I say "Europeans" because, granted that in the eyes of Western intellectuals this is all the fault of George W. Bush, there are significant differences between Europe's and America's relationship with Islam. It was the late Ayatollah Khomeini who popularized the idea that the United States is the Great Satan – a shrewd shorthand in that it acknowledges not merely that the hyperpower is evil, but that he is a great seducer too. And when one contrasts the vast number of British, European and Canadian jihadists who've turned up in the thick of it in Afghanistan, Pakistan, India, Iraq, Israel, Bosnia, Chechnya and beyond with the relatively insignificant number of American Muslims so embroiled, one begins to appreciate that the Great Satan is indeed a relatively effective seducer – at least to the extent that America seems to be doing a better job at assimilating Muslims than Europe or Canada. Of course, to assimilate you have to have something to assimilate with, and the yawning nullity of the European idea seems to be a wee bit deficient in that respect.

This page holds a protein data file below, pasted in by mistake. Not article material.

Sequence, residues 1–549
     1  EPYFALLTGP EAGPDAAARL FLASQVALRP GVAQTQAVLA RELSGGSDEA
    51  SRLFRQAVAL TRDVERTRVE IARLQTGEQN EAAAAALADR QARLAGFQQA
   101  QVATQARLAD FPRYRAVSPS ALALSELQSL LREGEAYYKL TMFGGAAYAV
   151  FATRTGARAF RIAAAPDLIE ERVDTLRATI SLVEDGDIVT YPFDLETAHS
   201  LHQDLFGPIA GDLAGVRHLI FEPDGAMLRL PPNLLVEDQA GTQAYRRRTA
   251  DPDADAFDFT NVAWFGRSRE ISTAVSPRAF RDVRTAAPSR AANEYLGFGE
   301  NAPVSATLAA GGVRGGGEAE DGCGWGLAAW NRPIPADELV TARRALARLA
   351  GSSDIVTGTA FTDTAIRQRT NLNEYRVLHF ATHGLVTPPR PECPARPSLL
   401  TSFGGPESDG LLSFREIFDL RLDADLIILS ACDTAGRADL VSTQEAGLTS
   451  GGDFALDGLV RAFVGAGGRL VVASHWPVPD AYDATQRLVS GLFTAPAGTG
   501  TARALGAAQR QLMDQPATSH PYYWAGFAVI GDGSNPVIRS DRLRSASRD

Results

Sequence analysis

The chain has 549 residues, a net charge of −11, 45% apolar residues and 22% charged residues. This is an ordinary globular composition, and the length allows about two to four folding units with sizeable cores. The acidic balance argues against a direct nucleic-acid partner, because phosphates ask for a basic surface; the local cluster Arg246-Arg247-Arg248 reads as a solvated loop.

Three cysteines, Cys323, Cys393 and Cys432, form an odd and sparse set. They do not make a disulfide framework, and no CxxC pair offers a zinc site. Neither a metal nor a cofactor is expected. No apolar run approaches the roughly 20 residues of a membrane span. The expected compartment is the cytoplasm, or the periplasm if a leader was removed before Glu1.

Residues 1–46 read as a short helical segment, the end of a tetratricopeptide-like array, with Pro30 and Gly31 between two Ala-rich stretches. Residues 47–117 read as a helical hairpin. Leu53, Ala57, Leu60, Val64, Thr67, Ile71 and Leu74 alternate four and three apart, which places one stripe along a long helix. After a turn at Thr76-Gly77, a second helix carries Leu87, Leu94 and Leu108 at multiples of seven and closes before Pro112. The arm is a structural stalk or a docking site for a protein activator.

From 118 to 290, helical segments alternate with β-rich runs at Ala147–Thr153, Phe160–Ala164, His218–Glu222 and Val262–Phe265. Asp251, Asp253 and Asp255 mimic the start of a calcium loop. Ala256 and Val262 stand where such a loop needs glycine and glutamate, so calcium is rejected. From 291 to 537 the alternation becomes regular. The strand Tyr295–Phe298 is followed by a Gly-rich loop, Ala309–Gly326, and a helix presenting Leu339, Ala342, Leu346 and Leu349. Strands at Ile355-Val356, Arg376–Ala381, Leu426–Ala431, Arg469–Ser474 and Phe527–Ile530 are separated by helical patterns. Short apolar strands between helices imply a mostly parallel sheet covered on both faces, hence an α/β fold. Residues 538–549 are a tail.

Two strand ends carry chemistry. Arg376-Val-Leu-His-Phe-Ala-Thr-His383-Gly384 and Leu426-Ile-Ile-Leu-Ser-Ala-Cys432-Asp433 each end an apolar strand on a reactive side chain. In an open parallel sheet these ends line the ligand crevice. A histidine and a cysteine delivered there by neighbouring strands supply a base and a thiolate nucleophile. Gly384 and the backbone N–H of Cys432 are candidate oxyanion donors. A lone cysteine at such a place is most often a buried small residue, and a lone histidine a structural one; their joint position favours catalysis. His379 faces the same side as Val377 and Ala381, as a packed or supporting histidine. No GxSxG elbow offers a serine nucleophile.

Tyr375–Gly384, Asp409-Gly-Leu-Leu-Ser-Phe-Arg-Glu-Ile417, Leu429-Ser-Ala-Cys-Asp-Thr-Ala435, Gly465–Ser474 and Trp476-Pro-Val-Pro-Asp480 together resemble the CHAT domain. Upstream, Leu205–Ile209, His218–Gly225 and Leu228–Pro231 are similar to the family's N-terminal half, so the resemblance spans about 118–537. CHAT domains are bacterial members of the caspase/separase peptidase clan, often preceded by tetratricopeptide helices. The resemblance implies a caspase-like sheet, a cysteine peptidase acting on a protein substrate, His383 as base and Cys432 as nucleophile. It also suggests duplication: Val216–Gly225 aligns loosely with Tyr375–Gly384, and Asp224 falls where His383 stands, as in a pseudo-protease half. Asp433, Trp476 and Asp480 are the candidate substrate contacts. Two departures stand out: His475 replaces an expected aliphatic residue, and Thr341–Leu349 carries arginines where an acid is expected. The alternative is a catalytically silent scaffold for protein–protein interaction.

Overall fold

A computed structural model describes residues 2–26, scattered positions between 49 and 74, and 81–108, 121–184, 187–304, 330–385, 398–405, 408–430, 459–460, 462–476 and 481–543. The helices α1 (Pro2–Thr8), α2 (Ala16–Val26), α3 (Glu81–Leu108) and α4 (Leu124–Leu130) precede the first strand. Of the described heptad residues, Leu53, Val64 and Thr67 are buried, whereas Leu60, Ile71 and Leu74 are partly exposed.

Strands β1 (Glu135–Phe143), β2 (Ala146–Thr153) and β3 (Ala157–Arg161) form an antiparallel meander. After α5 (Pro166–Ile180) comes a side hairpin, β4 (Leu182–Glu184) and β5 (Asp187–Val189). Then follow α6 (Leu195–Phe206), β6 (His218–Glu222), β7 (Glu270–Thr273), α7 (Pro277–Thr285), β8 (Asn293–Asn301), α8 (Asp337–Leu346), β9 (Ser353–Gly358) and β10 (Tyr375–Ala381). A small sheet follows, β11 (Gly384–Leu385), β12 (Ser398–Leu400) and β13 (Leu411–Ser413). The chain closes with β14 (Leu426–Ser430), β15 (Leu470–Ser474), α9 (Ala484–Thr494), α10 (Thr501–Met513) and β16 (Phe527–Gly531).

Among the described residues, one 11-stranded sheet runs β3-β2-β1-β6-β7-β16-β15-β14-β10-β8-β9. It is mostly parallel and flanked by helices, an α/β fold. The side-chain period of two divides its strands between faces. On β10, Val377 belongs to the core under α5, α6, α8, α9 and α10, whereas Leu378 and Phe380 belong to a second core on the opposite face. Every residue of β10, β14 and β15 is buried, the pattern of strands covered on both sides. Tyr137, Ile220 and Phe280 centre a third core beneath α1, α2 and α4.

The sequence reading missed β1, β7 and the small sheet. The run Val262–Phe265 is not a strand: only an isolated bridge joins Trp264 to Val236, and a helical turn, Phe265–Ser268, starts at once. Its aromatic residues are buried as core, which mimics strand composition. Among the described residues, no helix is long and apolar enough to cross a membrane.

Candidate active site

BUT THERE'S another difference, too, and this is what I mean by Israelification: the jihadists understand that Europe is up for grabs in a way that America isn't. Mandatory Palestine was, in the old joke, the twice promised land – hence, a Western democracy and a disaffected Muslim population exist in (for the most part) two solitudes but claim the same piece of real estate.